In just a few short years, social media has radically transformed the way we communicate with one another, so a New York judge may have sparked a national trend when he allowed a divorce petitioner to serve marriage dissolution papers on her estranged spouse via Facebook.
26-year-old Ellanora Baidoo married Victor Sena Blood-Dzraku in a 2009 civil ceremony, but the relationship almost immediately fell apart, supposedly because Mr. Blood-Dzraku refused to participate in a traditional Ghanaian wedding, despite his previous agreement to the contrary. In fact, according to Ms. Baidoo’s attorney, the two neither consummated the marriage nor cohabitated after exchanging vows. When she subsequently filed for divorce, Ms. Baidoo could find no current address or place of employment for her estranged husband, but over the past several months, the two had occasionally kept in touch through Facebook. So, Manhattan Judge Matthew Cooper allowed her to send Mr. Blood-Dzraku a private message once a week for three consecutive weeks, or until he acknowledged receipt of the message.
Mr. Blood-Dzraku apparently never responded and the court apparently granted a default divorce.
Service of Process in Divorce Cases
In most civil proceedings, the answer (primary responsive pleading) is the responding party’s first chance to “beat” the case. For example, in car crash and other negligence cases, the insurance company uses the answer to tell its side of the story and present any affirmative defenses.
California is a pure no-fault jurisdiction, so there is really no way to stop divorce cases once they are on file, because most judges readily accept the testimony of either spouse that the marriage has broken down. Even if the respondent has a valid claim that the marriage could be salvaged, “it takes two to tango,” as the old saying goes. If one spouse believes that the relationship has hopelessly broken down, further attempts to reconcile, regardless of the respondent’s attitude, would probably be pointless.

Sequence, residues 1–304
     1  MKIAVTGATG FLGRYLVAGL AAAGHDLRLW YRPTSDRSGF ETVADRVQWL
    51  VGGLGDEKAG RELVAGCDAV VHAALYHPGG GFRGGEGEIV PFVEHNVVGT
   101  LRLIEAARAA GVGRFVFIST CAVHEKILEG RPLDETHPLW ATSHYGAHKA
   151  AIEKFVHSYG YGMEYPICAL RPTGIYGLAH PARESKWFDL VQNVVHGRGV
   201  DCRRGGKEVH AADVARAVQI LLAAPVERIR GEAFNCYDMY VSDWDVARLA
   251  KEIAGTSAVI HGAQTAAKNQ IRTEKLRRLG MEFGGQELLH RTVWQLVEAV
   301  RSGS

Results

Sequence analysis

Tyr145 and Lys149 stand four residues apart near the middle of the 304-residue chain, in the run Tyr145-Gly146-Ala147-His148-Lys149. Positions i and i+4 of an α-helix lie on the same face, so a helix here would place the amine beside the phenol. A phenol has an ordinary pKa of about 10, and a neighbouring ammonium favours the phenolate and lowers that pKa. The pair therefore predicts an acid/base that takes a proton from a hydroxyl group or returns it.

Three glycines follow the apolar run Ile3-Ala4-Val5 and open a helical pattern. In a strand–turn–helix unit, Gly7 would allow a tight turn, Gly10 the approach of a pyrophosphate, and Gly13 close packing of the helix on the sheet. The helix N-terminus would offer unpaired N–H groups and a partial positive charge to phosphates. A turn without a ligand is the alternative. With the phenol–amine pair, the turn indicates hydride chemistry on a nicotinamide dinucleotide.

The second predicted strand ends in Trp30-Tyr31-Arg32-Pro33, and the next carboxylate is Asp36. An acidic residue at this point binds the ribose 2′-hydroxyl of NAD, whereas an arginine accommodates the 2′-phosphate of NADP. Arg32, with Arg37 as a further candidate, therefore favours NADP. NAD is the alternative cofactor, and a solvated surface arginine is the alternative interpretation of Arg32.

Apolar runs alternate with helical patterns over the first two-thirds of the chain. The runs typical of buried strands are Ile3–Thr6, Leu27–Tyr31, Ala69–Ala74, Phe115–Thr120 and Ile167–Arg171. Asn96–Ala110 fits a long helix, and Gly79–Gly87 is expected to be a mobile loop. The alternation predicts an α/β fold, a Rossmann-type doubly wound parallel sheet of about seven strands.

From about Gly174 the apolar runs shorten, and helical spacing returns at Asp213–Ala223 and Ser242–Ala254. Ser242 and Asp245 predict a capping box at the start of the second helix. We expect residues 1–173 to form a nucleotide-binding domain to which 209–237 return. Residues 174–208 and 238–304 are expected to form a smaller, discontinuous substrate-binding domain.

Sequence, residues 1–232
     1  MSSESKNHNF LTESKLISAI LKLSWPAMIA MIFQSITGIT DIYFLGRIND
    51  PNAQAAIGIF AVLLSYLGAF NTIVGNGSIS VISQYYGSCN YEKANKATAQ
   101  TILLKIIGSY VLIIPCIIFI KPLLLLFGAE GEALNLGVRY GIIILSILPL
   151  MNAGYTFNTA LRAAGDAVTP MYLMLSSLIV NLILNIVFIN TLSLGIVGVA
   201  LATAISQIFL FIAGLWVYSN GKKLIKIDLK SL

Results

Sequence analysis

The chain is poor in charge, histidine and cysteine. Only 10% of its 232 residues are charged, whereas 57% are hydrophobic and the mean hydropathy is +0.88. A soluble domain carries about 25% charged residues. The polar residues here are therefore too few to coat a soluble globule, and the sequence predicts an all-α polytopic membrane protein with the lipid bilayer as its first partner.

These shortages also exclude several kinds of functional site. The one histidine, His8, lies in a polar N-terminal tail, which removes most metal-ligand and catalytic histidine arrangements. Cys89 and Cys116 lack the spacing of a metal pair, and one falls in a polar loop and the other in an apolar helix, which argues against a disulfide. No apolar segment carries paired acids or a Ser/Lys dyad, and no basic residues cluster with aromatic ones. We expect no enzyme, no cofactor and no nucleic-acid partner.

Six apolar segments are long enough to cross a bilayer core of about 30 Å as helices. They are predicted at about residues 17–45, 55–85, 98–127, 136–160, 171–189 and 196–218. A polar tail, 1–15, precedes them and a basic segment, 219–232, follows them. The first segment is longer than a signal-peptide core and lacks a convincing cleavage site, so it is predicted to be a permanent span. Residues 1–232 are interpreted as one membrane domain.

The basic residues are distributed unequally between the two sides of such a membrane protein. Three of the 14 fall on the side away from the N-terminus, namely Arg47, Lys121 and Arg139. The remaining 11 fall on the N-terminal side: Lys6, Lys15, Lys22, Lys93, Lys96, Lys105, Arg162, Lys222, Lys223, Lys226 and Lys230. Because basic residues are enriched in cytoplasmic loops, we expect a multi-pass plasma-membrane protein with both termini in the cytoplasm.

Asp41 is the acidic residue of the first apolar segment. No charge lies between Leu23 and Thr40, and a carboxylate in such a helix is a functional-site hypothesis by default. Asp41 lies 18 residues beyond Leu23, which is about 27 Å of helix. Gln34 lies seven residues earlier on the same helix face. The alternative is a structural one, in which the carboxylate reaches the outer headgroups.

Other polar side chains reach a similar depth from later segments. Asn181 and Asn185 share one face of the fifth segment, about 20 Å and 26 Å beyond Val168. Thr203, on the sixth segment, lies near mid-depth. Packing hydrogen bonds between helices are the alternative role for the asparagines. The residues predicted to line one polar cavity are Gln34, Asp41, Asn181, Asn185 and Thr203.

Instead, personal service gives the respondent a chance to be heard on ancillary issues, like property division and child custody. Furthermore, personal service usually prevents respondents from re-opening closed divorce cases months or years later, a process that it very expensive, time-consuming, and frustrating.
Personal Service Methods
The rules are a little broader in California than in some other jurisdictions, because anyone who is at least 18 and is a non-party can serve papers; in some other places, only a law enforcement officer, like a sheriff or constable, or a licensed private process server can carry out this function.
Constable service is normally the most seamless method, because petitioners can normally arrange for constable service at the same time they file their petitions. However, as one might expect, serving divorce papers is rather low on the priority list for most law enforcement agencies. In fact, in constable-service cases, it is not unusual for the temporary hearing to be rescheduled once or even twice because the respondent has not been served. Moreover, petitioners do not have as much control over constable service. For example, many petitioners do not want to serve respondents at work to spare them some embarrassment, but constables usually serve the papers in any legal way that conforms to their schedule for the day.
To expedite the process and retain control over the service method, many attorneys partner with private process servers. In addition to efficiently serving the respondent, process servers normally take care of all the paperwork, so the extra few dollars is money well spent.
Process servers do not have an infinite amount of time to complete personal service, because the court-issued papers usually have expiration dates.
Even if the process server has valid contact information, personal service is not always possible. Sometimes the respondent moves around a lot during the day, and sometimes the respondent simply refuses to answer the door. In other cases, as in the above story, the petitioner and respondent have lost touch and the petitioner has no valid personal contact information.
If the server makes three or more unsuccessful attempts at an address known to be correct, the judge normally allows the process server to leave the papers with anyone who answers the door or responds to the page.
If the petitioner does not have a valid address, the process is a little more complicated. First, the petitioner must try to locate the respondent by talking with friends or relatives, checking for forwarding addresses, and so on. It’s not necessary to hire a private investigator, in most cases. Next, the judge normally orders the petitioner to either publish the summons in a local newspaper or post it near the courthouse door.
One day soon, electronic service will probably replace the current substitute service methods. Although it is almost impossible to verify whether or not the respondent actually viewed the message, service via Twitter or Facebook is at least as effective, if not more so, than placing an advertisement in a newspaper that no one will probably read.
Proper and efficient service of process expedites the overall divorce process. For a free consultation with an experienced family law attorney in Los Angeles, contact Fernandez & Karney. Our law firm includes Board Certified family law experts.